In the mid-1880s there were 41 decoys still in operation in England, and 145 which were no longer in use.[10] Today there are only a few remaining duck decoys in England. These include Hale Duck Decoy in Cheshire, administered by Halton Borough Council,[11] Boarstall Duck Decoy near Aylesbury in Buckinghamshire, owned and administered by the National Trust,[12] and a decoy in Abbotsbury Swannery, Dorset.[13]

Some are used to trap ducks for non-harmful study, such as ringing them.[citation needed]

Evidence of former duck decoys can be found. At Swanpool near Lincoln, cropmarks revealed in aerial photographs show the outlines of a decoy.[14] In Somerset, west of Nyland Hill there is evidence of a pond with three pipes,[15] and in Westbury there is a decoy with possibly six pipes.[16]


A decoy in action; Dutch footage from 1974

There are about 111 decoys still in operation in the Netherlands with one of the oldest dating from the 13th century.[17][18] The number of ducks still caught for consumption is small. Larger numbers of ducks are hunted by shooting. The decoys are mostly used for study purposes including ringing, but also for studying the avian flu.[19]

Denmark and Germany[edit]

On the North Frisian Islands, decoys originally served as a pastime for sea captains and ships' officers during wintertime. Later the ponds were also used to trap great numbers of wild ducks for commercial purposes. In one decoy on Föhr island, more than 3,000,000 ducks have been caught since its installation in 1735, and from 1885 to 1931 a factory for canned duck meat was active in Wyk auf Föhr. The preserved meat was exported worldwide. Today there are six inactive decoys on Föhr.[20] Another decoy is located near Norddorf on Amrum island.[21] The decoy on Pellworm island was active until 1946. Today it is a public park and has been converted into an orchard.[22]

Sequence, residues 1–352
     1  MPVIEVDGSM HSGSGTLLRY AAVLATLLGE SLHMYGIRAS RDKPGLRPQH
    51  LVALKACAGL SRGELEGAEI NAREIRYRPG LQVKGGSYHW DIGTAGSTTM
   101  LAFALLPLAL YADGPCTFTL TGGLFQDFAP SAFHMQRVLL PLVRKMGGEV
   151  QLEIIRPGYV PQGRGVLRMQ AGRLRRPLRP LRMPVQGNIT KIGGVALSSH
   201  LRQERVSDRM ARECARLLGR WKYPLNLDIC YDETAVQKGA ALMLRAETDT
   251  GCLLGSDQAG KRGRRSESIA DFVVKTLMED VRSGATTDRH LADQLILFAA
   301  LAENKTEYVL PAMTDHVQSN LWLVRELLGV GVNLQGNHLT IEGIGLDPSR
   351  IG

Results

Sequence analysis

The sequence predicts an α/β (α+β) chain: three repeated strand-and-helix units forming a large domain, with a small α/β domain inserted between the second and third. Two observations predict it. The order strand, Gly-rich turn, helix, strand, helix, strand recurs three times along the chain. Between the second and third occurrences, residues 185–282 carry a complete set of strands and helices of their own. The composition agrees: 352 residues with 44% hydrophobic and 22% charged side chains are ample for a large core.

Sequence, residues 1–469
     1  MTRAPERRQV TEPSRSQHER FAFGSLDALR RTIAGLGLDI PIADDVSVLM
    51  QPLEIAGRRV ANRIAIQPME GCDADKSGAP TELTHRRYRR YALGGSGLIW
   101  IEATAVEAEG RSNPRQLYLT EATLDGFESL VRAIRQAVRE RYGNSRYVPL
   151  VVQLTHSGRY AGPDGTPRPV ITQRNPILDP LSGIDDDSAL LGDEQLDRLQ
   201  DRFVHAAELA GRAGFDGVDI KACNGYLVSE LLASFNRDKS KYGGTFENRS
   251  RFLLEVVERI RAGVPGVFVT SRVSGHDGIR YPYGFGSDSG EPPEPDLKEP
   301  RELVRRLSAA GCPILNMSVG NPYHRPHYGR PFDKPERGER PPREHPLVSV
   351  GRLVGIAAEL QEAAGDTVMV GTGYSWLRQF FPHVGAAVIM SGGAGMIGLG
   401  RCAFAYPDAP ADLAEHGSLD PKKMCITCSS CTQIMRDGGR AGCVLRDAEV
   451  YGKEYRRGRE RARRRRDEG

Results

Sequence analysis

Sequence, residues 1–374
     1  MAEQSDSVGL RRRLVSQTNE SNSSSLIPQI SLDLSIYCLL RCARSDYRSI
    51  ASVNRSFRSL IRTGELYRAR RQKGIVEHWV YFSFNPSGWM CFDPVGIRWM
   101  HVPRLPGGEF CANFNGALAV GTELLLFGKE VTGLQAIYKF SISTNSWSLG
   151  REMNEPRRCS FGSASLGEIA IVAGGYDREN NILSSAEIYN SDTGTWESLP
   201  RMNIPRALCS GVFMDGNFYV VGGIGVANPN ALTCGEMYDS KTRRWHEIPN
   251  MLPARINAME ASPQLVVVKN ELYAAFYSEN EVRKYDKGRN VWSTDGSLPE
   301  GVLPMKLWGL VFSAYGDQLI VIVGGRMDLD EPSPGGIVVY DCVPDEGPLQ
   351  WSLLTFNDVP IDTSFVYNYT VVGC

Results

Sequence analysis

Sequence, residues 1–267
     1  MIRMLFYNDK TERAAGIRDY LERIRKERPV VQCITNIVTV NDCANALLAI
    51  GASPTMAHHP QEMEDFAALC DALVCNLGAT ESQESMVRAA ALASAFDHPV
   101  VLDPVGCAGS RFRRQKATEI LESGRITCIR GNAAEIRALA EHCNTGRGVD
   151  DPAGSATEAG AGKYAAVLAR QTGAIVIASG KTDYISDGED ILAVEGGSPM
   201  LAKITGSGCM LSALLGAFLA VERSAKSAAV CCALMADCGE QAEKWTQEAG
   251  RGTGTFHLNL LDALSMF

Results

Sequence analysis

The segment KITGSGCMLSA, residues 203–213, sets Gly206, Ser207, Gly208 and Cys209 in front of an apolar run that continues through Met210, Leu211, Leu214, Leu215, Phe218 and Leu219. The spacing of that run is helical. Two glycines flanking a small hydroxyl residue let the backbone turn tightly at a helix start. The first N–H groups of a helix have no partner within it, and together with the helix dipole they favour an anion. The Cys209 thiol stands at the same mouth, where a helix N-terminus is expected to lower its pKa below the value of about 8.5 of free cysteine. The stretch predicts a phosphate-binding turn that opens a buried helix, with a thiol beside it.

See also[edit]



  1. ^ Payne-Gallwey, 1886 & p-59
  2. ^ Payne-Gallwey 1886, p. 3.
  3. ^ Payne-Gallwey 1886, pp. 18–20.
  4. ^ Payne-Gallwey 1886, p. 40
  5. ^ Payne-Gallwey 1886, p. 51
  6. ^ Payne-Gallwey 1886, p. 26
  7. ^ Payne-Gallwey 1886, pp. 23–26.
  8. ^ Payne-Gallwey 1886, pp. 27–29.
  9. ^ Whitake 1918, p. 6
  10. ^ Payne-Gallwey 1886, pp. 60–187.
  11. ^ Hale Duck Decoy, Halton Borough Council, archived from the original on 2008-04-03, retrieved 2008-10-04
  12. ^ Boarstall Duck Decoy, National Trust, archived from the original on 2009-04-05, retrieved 2008-10-04
  13. ^ Chesil & Fleet A to Z, Chickerell BioAcoustics, retrieved 2008-10-06
  14. ^ Duck Decoy at Swanpool, English Heritage, retrieved 2008-10-04
  15. ^ Duck decoy, W of Nyland Hill, Nyland, Somerset County Council, retrieved 2008-10-04
  16. ^ Duck decoy, E of Barrow Wood Lane, Westbury, Somerset County Council, retrieved 2008-10-04
  17. ^ "Eendenkooien in Nederland" [Decoys in the Netherlands] (in Dutch). De Kooikersvereniging. Archived from the original on 3 March 2016. Retrieved 24 February 2013.
  18. ^ Bestuur Oud Sassenheim (2007). De geschiedenis van Sassenheim in Vogelvlucht (PDF) (in Dutch). Stichting Oud Sassenheim. p. 5. Archived from the original (PDF) on 10 October 2012.
  19. ^ Wetenschappelijk onderzoek [Scientific studies]. Lesbrief Sassenheimse Geschiedenis (in Dutch). De Kooikersvereniging. Archived from the original on 4 March 2016. Retrieved 24 February 2013.
  20. ^ Faltings, Jan I. (2011), Föhrer Grönlandfahrt im 18. und 19. Jahrhundert (in German), Amrum: Verlag Jens Quedens, pp. 36–37, ISBN 978-3-924422-95-0
  21. ^ "Norddorf: Regionale Ziele". Marco Polo (in German). MairDumont. Retrieved 24 February 2013.
  22. ^ "Die Vogelkoje - ein Ort der Stille" [The duck decoy – a place of tranquility]. (in German). Pellworm municipality. Retrieved 31 December 2013.